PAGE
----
To examine specific components of the legal and regulatory, economic and political environment in the WBGS facing private businesses, especially small businesses. Conducting a number of studies with high empirical content, develop policy options and recommendations for improvements to those aspects of the operating environment that need reform to encourage expansion and productivity growth of the private sector and analyze and comment on drafts of relevant legislation. Provide businesses and individuals in the private sector with data and advice to enable them to improve their competitiveness. Provide private sector support organizations, in particular the Palestinian Private Sector Coordinating Council (PPSCC), with effective tools to lobby the executive and legislative branches of the Palestinian government, set the agenda and influence the policy-making process in a way that promotes an enabling business environment.
The tangible results of the project will be the series of written outputs mentioned as second specific objective of the project. Other outputs will be the organization of a series of topic-specific, public and well-advertised workshops for discussion of these outputs in draft and in final versions. Evidence-based policy dialogues, even under difficult circumstances, are intrinsically valuable for promoting a culture of democratic decision-making. The production of empirically strong written papers to be made available in the public domain will add significantly to knowledge of the policy space available to the Palestine Authority, the regulatory structure of the Palestinian economy, the conditions under which private enterprises operate and their contribution to production and support for livelihoods in Palestine. Another category of output, that would be measurable in principle, will be the greater understanding by private sector actors and representatives of the contribution that
enterprises make to growth, development and welfare in Palestine, the determinants of increased productivity and profits, and ways of engaging with the economic policy process in order to improve the context within which they operate. The general objective of the project is to contribute to the revision, formulation and passage into legislation of policies, laws and regulatory instruments to promote the economic viability and productivity of private enterprises, especially small enterprises, in Palestine. Beyond this objective lies the twin goal of seeing the actual adoption of improved legislation and consequent improvement in the performance of the private sector. However, the passage of improved legislation or policies cannot be ensured. Therefore, the project will provide the privates sector with analytical tools and evidence-based materials to assist it to advance its interests within the policy-making process.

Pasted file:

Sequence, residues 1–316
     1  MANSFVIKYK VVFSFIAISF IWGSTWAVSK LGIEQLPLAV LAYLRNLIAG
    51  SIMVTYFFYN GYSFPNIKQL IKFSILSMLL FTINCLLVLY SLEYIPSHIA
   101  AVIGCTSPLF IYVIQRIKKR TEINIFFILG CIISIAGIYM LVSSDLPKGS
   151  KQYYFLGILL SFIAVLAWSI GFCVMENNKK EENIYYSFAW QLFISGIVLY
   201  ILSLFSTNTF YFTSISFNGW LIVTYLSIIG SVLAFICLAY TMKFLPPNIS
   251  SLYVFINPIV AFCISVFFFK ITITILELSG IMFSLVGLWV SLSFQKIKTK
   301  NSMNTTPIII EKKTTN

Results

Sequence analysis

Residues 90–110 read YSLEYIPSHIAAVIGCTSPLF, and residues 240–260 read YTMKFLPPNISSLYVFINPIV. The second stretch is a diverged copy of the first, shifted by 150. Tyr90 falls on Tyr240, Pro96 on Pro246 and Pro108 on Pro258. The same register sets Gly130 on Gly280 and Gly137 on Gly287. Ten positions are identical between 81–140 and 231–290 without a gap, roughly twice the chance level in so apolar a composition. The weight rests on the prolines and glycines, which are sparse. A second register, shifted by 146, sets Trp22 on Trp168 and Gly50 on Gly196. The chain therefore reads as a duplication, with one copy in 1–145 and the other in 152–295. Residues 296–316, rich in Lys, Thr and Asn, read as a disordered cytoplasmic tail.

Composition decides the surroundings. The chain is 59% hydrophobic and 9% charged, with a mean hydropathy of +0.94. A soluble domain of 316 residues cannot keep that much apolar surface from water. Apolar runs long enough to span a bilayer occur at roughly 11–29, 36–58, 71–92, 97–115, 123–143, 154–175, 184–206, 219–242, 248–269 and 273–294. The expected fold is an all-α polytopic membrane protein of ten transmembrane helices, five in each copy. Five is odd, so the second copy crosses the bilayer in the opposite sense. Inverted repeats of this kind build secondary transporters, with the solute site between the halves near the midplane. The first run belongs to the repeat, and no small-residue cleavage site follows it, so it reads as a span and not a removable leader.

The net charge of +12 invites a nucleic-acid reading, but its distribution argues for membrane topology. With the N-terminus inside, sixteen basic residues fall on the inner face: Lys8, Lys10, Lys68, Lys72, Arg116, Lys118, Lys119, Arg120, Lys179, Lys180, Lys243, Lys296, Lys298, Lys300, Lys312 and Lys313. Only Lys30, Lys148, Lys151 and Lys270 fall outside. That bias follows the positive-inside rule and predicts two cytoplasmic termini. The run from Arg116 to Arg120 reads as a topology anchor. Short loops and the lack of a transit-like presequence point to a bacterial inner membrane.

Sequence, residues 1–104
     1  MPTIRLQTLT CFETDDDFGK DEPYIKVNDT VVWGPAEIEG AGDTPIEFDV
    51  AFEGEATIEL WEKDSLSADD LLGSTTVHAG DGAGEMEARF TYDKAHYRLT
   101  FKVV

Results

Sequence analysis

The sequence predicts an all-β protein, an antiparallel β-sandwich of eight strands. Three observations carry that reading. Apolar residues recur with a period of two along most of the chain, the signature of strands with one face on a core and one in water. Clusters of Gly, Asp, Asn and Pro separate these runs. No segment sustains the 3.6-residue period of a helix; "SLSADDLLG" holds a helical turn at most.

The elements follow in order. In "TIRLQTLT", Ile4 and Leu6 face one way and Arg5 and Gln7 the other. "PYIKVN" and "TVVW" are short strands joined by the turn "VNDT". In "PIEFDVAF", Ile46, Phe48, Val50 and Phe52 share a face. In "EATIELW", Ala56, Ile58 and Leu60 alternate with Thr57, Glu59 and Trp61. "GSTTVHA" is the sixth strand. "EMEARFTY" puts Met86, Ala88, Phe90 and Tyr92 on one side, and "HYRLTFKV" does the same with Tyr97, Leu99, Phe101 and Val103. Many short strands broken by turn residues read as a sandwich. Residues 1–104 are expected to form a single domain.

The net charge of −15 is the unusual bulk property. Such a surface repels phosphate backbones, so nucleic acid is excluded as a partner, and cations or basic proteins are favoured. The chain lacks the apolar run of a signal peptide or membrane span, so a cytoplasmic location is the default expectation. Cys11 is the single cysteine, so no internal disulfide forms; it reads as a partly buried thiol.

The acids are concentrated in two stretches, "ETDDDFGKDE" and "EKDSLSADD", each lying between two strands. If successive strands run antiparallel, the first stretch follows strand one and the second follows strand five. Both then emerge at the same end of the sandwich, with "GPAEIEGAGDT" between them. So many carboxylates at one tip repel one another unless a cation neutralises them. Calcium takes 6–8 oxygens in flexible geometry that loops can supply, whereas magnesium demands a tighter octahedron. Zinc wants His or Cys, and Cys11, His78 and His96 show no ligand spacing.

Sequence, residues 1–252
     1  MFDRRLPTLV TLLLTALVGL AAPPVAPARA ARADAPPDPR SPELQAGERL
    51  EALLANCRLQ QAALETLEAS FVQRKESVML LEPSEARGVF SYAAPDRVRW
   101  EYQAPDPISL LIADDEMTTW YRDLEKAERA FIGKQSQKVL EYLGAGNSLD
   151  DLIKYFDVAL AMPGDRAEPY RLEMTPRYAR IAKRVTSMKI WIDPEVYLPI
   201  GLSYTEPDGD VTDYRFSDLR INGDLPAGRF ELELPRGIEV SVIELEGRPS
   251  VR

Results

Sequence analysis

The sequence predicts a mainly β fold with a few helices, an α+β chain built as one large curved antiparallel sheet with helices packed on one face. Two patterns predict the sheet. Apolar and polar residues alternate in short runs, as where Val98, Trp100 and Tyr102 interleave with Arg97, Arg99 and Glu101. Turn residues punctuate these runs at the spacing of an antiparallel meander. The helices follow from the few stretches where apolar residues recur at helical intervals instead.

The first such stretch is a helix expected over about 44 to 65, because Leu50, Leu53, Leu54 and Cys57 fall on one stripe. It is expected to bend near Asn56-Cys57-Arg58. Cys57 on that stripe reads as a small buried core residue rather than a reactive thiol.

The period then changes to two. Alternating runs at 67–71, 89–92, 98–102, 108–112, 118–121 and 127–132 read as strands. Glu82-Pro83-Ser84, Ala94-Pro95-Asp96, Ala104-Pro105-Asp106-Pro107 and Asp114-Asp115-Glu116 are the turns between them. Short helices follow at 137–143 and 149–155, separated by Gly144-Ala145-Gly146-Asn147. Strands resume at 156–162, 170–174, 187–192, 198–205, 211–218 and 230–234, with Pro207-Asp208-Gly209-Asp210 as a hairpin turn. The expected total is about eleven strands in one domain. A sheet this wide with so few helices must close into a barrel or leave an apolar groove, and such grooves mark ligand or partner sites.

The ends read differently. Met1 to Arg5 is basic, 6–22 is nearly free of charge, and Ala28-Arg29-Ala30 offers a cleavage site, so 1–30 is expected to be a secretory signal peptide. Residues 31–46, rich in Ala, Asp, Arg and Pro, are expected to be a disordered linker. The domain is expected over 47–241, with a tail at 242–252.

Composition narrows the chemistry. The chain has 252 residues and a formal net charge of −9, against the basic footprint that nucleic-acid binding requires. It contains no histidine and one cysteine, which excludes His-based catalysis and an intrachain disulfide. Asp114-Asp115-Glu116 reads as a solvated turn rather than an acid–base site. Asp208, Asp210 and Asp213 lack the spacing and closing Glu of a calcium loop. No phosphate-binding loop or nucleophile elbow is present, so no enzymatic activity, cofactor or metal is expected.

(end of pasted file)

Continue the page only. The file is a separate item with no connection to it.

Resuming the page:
Duration: June 2006 – June 2008 Amount : 359,600 CAD
For additional information, please contact:
Samir Abdullah Palestine Economic Policy Research Institute (MAS) Tel : +970-2-298 7052/3/4 Fax : +970-2-298 7055 e-mail: firstname.lastname@example.org Susan Joekes Senior Program Officer IDRC-Cairo Office P.O. Box 14, Orman, Cairo, Egypt Tel: +20 2 336 7051/2/3/4 Fax: +20 2 3367056 e-mail: email@example.com